Kars, Mount Nemrut, Harran, Van, Doğubeyazit & Gaziantep
For more adventurous and off the beaten track itineraries, discover the mystique and ancient civilizations of East & South-East Anatolia. Climb mountain peaks with colossal standing stone heads at sunset, visit ancient kervansarais along the old Silk Road to China, explore the abandoned ruins of ancient Armenian, Urartian and Selcuk cities, isolated hilltop palaces, stunning archeological mosaics and bee-hive style village houses…
Main South East Anatolia Highlights:
The ruins of the former Armenian medieval capital Ani near Kars experienced a golden age of superb stonemason ship at a time of prospering trade along a main caravan route, so that its status challenged even Constantinople itself. Today’s ruins still manage to show the beauty of these stone churches and frescoes, citadel, caravansary and Selcuk palace, despite attacking Selcuk, Mongol and Georgian rulers.
A majestic line up of colossal stone heads on the summit of Mount Nemrut stand afore their decapitated throne-seated statues behind, ranging from eagles and lions to Zeus and Apollo, they have adorned this temple and tomb of King Antiochus for over 2000 years. The sun rises and sets over the 2 equally decorated sides of the tumulus pyramid at the summit of over 2000 meters and makes a sensational visit at either of these times.
In the Southeast, Van Lake draws many visitors as the largest and most curious salt lake in Turkey, with shores embellished with strange conical rock formations since its creation in a massive volcanic eruption. The nearby old city of Van was former home to ancient kingdoms and has fascinating Urartian tombs in beautiful Urartian script, as well as a citadel and other archeological finds from this era.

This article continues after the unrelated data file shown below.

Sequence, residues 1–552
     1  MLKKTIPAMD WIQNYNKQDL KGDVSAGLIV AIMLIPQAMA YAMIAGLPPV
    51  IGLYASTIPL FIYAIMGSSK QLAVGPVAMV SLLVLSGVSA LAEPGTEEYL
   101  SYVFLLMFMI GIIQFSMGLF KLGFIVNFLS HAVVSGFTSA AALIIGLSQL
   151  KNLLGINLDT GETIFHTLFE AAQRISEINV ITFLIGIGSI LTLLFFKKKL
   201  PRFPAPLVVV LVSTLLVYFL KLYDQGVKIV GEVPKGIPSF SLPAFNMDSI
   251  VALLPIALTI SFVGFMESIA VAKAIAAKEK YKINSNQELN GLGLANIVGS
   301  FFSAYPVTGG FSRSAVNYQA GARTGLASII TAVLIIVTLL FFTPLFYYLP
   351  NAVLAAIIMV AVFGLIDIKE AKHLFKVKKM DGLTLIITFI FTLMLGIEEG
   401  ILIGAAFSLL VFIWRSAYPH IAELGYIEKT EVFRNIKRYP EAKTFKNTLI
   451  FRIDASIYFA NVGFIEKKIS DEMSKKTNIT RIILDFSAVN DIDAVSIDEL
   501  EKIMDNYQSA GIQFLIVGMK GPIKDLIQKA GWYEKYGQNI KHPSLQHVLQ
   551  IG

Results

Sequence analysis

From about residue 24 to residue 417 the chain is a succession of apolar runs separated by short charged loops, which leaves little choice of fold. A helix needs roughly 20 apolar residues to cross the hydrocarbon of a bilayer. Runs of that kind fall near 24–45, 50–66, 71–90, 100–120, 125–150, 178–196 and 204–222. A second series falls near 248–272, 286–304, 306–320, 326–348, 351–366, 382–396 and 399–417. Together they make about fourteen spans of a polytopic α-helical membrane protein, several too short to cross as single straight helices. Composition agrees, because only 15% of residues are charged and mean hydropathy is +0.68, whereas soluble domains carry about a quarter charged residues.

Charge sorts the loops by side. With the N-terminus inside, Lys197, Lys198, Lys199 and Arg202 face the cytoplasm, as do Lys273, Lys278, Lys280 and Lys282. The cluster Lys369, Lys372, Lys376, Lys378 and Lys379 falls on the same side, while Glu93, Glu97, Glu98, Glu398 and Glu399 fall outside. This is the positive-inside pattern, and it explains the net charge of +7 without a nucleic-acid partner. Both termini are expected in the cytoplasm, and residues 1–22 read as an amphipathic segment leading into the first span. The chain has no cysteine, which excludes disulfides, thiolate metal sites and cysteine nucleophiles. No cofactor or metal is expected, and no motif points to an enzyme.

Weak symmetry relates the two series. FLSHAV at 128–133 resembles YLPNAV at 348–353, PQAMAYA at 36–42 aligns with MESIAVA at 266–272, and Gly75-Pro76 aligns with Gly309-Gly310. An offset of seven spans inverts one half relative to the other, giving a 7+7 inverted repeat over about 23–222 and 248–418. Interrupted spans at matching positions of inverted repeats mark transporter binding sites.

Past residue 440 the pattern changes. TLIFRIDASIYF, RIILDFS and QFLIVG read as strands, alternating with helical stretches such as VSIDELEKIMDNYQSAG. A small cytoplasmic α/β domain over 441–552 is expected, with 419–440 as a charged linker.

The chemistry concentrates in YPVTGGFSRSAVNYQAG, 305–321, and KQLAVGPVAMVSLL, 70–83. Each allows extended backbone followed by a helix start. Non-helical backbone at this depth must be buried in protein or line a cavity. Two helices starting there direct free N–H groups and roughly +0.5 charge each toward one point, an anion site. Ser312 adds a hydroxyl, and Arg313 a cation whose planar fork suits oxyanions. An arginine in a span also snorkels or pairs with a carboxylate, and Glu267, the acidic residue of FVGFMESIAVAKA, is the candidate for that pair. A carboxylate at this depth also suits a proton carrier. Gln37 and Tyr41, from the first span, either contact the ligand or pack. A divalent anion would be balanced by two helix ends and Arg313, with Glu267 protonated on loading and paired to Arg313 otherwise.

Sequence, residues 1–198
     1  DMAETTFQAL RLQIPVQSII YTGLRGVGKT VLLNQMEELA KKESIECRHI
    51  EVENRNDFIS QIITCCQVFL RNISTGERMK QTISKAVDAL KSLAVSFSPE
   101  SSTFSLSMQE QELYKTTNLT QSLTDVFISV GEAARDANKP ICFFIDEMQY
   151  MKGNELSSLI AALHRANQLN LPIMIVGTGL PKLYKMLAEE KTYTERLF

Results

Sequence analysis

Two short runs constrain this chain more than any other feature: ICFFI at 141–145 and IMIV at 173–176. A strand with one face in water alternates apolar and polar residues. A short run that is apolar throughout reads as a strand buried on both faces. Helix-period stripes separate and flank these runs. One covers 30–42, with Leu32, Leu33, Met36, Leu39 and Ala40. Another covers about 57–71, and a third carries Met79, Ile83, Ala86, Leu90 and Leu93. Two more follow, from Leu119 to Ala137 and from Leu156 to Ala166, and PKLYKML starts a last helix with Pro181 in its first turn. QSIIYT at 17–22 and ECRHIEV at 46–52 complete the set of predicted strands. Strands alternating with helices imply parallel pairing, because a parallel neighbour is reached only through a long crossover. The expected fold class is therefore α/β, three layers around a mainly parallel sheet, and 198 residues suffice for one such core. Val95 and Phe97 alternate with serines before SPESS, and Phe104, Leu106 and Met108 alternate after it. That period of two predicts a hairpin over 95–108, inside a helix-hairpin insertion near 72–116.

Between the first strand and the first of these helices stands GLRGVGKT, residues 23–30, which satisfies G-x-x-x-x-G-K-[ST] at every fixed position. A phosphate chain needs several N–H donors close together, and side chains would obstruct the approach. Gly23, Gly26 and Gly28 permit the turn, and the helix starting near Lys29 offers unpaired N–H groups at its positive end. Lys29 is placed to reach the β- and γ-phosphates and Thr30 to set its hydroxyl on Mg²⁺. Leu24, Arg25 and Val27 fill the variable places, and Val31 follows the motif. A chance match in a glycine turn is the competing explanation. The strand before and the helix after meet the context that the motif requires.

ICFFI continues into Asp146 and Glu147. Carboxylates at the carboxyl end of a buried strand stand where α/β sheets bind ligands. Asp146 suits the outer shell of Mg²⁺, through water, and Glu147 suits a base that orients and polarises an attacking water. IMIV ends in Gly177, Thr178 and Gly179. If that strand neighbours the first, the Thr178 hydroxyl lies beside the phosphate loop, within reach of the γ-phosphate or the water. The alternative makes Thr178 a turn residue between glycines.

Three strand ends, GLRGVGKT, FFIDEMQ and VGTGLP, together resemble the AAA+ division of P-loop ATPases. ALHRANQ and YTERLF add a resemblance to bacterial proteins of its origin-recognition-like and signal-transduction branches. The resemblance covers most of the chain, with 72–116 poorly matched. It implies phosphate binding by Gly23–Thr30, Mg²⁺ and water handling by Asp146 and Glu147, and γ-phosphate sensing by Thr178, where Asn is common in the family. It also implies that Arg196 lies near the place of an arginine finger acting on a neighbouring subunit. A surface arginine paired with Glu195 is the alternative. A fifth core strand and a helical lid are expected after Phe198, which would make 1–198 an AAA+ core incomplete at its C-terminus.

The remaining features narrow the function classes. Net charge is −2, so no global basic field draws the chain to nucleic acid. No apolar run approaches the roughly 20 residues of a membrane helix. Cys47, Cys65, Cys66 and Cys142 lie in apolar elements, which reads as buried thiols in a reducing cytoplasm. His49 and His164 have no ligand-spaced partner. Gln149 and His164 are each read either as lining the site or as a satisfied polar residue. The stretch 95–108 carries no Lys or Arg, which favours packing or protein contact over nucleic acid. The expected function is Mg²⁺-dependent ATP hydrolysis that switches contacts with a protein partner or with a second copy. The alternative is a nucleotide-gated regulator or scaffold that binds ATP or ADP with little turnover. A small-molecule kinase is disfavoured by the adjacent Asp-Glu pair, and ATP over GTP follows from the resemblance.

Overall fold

Near Dogubeyazit, the graceful Ishak Pasha Palace is magnificent from its hilltop plateau vantage point on an otherwise barren landscape. Built in the 17th century, its harem, colonnaded dining hall and courtyards have an unusual mix of architectural styles borrowed from those of Persian, Armenian, Ottoman and Selcuk design.
Sanliurfa has long been a place of pilgrimage as the birthplace of Abraham over its 9000 year old history, and the focus is the central carp-laden lake surrounded by the beautiful arches of the Halil Rahman and Rizvaniye Mosques. Nearby, there are amazing historical sites such as the tumulus, fortress and unusual bee-hive village huts in Harran.
The ancient city of Zeugma on the River Euphrates has been described in international literature as the ‘second Pompeii’, as it was discovered under the rubble of an earthquake 2000 year old earthquake. The outstanding archeological exhibits at the Zeugma Mosaics Museum in Gaziantep display the extent of the wealth the people enjoyed with houses adorned with the world’s loveliest mosaics, ceramics, statues, and frescos.
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